Then we got the money from Telefilm to make it in 2017 and next thing you know we’re on location shooting seven or eight or nine pages of script per day- it was crazy. I was able to shoot one or two takes, a couple of angles and then it was on to the next shot.
But, basically, the inspiration for the film was the humor, the characters, the situations and the idea and theme of when is it time to leave your home because there’s kids everywhere on the reserves- they’re very isolated- who want to leave because there’s no opportunities for them there. And how do you just walk away but not feel as though you’ve left everyone behind.
WC: What were your biggest challenges directing “Indian Road Trip”?
AH: We just didn’t have a lot of time to shoot the film- we had to move from shot to shot very quickly. We had little to no rehearsal time except just before the cameras were about to roll on a take. But in a way that worked out because it gave a sense of spontaneity and innocence when you see it on screen. But overall the community where we filmed at was very welcoming and the crew really stepped up and gave it their all- people really got behind the film.
I didn’t really have anything horrendous happen during the shoot but they were very long days and it takes a toll when you’re trying to shoot so many pages of script per day. I definitely learned by trial by fire and I’d do it all over again in a heartbeat.
WC: While making the film, were you surprised by anything or experienced anything you weren’t expecting?
AH: I was actually pretty sure of what I was trying to do with the film. Many more people had more experience than me on the set but I always had my own creative vision of the film and how it was supposed to look. I was really confident in my cast and very happy to get the cinematographer I wanted- Vincent De Paula- and I also learned that I can turn on a dime as a director when something doesn’t work out.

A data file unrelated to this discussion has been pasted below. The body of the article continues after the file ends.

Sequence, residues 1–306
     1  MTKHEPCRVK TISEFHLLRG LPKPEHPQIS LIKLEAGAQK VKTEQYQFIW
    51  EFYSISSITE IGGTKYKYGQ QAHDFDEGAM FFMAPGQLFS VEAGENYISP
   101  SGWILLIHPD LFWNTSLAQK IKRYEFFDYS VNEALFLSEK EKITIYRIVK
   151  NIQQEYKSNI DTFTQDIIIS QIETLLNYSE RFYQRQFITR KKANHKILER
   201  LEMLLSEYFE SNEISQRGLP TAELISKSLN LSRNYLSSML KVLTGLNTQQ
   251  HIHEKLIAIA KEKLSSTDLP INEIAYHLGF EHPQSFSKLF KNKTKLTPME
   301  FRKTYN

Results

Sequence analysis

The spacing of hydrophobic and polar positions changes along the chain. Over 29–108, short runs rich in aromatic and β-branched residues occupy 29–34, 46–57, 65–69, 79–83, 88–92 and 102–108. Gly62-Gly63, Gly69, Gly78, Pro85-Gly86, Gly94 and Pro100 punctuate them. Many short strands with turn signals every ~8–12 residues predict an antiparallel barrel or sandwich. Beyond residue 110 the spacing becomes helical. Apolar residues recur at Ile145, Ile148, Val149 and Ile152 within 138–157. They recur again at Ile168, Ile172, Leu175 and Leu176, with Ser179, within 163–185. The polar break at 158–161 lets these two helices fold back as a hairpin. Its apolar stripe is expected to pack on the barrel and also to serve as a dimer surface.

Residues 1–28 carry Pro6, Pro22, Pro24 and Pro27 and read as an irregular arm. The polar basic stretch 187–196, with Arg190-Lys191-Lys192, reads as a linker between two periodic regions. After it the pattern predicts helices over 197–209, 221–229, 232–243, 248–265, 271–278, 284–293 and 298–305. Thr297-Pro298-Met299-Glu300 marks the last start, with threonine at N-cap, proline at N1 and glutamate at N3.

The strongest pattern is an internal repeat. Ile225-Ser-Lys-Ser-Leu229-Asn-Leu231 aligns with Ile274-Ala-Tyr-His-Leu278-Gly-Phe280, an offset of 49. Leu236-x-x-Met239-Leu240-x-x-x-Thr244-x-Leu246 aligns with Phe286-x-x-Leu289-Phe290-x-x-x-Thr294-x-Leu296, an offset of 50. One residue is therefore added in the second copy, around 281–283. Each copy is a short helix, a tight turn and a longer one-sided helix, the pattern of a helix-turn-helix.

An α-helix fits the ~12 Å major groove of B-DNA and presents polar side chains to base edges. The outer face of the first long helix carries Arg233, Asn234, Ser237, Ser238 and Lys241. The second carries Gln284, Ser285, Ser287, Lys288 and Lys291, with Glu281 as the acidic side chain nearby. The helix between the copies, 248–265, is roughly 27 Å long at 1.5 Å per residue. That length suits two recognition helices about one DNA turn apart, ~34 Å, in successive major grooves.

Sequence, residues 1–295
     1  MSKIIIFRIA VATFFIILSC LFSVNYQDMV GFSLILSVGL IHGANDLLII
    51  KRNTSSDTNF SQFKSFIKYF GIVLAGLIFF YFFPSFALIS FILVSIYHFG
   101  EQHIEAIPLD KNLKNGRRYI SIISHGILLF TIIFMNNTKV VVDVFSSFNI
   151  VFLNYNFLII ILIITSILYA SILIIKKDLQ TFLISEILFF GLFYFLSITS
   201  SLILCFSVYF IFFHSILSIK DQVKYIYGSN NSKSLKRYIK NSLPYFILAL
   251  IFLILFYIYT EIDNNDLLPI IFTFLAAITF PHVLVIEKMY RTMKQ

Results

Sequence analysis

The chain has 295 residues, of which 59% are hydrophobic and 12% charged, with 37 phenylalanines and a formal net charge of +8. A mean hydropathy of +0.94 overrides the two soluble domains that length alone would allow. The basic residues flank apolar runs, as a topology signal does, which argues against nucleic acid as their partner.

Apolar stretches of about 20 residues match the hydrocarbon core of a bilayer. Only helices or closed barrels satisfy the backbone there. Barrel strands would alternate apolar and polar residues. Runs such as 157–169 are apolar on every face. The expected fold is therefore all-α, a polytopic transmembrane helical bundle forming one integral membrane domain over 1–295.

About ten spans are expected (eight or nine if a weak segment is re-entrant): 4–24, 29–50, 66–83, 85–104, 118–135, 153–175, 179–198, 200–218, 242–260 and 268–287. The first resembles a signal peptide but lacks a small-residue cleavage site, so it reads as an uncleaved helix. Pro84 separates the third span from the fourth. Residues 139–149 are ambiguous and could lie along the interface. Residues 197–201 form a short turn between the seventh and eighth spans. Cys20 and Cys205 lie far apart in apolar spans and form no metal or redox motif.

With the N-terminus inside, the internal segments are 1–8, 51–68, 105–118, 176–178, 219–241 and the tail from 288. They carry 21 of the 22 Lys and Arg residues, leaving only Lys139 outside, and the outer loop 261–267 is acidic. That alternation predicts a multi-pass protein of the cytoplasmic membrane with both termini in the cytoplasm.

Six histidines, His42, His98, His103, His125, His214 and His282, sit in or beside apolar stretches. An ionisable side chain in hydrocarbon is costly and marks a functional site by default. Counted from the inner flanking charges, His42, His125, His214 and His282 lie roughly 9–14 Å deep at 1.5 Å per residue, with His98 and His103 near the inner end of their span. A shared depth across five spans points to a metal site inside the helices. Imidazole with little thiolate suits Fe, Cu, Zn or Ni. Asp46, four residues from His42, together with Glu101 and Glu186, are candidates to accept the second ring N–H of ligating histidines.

And I surprised myself that under that pressure I was able to weave and move and make things happen- I didn’t get bogged down with things. Overall, I was able to move and the cast and crew were able to move with me so that was a pleasant surprise. Of course, the first day on the set I was terrified but then things settled down as I concentrated on getting the shots I needed to tell the film’s story. It’s a nice feeling when all fear disappears and you’re just focused on getting what you want to get.
WC: What’s your next film project now that “Indian Road Trip” is being launched into the world?
AH: I’ve got several projects on the go. I’m working on a couple of feature films including one called “Cloudstriker” that’s my take on the residential school system that’s set in the 1930s and reflects the narrative structure of “The Magnificent Seven” and “Seven Samurai”. It’s about a young man who escapes from a residential school where he and several of his friends are being abused and ends up recruiting indigenous warriors only to return to the school and free the children and exact a little revenge on these horrible people who run it. It’s sort of an alternate reality idea like “Inglorious Basterds” in that nothing like this ever really happened but the film will celebrate indigenous strength, resilience, intelligence and courage and shows indigenous people in a victorious mode.
I don’t feel like I’m finished telling indigenous stories- I have several that I’m working on. I’ve got a bunch of stuff happening and I’m really happy about that.
Buy your virtual screening tickets for the World Premiere of “Indian Road Trip” here (until December 30):
Viva la cinema!